Skin even in low UV areas.
People in these coastal areas eat foods rich in seafood that provide an alternative source of vitamin D.
In the summer, they reflect a high level of ultraviolet rays from the surface of ice and snow, and their dark skin protects them from this reflective light.
There is evidence that these groups have developed vitamin D deficiency in modern times as Western diets change.
While suntan skin is the most obvious for people with light skin tones, dark brown skin can also be sunburned with prolonged exposure to the sun.
Some Europeans have lost their ability to tan.
Their skin is not tanned, but tanned.
This is caused by a mutation that causes a defective skin protein that interferes with the production of melanin.
They are not suitable for tropical and subtropical areas that are more prone to sunburn and skin cancer.
The same is true for patients with albinism.
Researchers working on the zebra fish found a gene that interferes with the production of melanin required for dark stripes when mutations occur.
The team scanned human DNA to see if similar genes were present.
They found almost the same genes in humans, dogs, cattle, chickens and many other species.
When studying the genomes of the world's four major ethnic groups, the researchers found that only white populations from Northern and Western European ancestry had a mutant version of the gene.
There is no such mutation in the Asian group.
This mutation seems to cause 1-
Third, the loss of pigment causes the skin to become white.
Other mutations may also be the cause.
In conclusion, as with many other evolutionary changes, adaptive changes in skin tone seem to have developed due to the combination of genetic mutations and natural selection of skin tone changes.
People with dark skin living outside the equator, with relatively weak solar radiation most of the year, have to deal with the potential problem of vitamin D deficiency, this may lead to rickets disease in children and osteoporosis in adults.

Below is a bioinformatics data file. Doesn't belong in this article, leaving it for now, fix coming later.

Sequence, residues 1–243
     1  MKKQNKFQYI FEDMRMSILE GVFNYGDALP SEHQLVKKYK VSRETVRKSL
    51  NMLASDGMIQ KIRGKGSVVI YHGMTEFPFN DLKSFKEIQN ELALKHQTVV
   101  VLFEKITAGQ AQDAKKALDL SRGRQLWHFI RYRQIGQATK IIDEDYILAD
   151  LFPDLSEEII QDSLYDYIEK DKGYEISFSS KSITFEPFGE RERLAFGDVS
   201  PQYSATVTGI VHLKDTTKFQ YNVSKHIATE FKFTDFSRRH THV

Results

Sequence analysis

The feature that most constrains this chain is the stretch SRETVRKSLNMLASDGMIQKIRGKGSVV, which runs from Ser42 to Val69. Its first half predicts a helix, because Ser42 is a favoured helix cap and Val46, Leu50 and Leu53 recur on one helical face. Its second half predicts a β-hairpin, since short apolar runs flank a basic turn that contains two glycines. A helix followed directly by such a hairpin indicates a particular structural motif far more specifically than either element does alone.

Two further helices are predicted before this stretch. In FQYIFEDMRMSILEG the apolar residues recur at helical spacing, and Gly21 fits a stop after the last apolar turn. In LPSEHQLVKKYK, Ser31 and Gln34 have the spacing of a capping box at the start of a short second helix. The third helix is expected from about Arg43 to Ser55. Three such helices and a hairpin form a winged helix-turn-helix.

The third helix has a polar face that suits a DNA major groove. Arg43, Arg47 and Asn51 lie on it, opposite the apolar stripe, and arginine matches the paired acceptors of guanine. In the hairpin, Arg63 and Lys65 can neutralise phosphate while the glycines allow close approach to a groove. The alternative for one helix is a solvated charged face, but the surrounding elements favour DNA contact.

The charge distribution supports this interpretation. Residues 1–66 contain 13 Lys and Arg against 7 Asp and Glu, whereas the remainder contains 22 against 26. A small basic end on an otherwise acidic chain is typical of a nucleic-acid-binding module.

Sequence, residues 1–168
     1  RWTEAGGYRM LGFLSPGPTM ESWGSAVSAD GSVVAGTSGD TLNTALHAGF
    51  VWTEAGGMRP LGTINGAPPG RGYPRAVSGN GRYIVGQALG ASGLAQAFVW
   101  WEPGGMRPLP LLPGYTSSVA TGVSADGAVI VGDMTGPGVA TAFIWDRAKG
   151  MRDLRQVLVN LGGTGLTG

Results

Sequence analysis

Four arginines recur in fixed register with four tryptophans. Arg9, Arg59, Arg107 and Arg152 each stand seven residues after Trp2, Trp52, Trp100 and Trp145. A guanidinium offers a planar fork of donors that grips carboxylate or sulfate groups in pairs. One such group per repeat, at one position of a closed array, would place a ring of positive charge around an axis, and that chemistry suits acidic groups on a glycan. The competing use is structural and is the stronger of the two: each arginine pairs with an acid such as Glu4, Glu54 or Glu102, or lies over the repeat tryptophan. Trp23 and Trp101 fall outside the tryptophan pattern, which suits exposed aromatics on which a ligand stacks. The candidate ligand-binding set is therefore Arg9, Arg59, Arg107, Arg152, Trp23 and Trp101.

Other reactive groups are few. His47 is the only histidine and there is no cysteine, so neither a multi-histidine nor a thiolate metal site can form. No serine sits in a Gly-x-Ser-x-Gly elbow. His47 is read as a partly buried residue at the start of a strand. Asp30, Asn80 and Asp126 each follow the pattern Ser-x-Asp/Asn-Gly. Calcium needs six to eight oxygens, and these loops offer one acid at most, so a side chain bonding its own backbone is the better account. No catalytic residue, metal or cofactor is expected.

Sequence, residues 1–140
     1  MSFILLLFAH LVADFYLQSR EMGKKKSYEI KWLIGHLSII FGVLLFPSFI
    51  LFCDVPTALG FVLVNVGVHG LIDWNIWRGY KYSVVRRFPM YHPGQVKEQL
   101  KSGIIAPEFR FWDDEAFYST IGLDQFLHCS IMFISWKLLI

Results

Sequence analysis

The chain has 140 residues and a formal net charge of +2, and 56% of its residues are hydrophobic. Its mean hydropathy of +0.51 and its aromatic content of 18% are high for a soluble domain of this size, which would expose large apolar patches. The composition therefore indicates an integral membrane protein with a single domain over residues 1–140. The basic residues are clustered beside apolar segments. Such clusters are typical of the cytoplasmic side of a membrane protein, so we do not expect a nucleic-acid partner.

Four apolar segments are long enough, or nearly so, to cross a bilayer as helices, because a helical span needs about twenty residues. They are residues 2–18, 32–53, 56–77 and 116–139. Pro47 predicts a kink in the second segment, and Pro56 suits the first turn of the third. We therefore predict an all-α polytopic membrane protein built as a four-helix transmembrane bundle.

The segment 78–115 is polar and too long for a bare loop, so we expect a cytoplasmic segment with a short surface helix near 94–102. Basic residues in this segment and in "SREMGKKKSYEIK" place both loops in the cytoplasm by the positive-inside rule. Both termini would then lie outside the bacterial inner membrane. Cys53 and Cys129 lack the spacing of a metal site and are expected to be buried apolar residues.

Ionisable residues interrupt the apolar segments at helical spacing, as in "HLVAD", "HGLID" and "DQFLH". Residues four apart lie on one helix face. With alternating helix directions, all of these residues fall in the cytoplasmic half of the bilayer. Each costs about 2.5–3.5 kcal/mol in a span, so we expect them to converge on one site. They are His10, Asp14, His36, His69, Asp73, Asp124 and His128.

In the 1900 s, people took cod liver oil to prevent the high incidence of rickets disease caused by people staying indoors and rarely exposed to the sun.
In the United States and other countries, to prevent these problems, vitamin D and A are now commonly added to milk and other foods.
There have been recent reports of malnutrition in American children. S.
Georgia is a high-incidence disease, especially among African-Americans.
This previously rare disease caused by vitamin D deficiency seems to be mainly due to three things: drinking a milk substitute that does not contain vitamin D, failing to replenish breast milk, and insufficient sunlight.
Pregnant women need to add folic acid in their diet, which is a further reaction to light skin people living in areas where excessive UV exposure destroys folic acid in their blood.
Some researchers have also expressed concern that the use of sunscreen and exercise to prevent people from sunbathing may also lead to vitamin D deficiency in people with lighter skin tones.
Clearly, the modern migration of the population has offset the adaptation of the color of the skin, which is intended to allow people to live at different latitudes.
Action must be taken by various groups to overcome the problems caused by these immigrants and modern lifestyles that affect sun exposure and increase the risk of various health problems.
There is a lot of research on this interesting topic. © janderson99-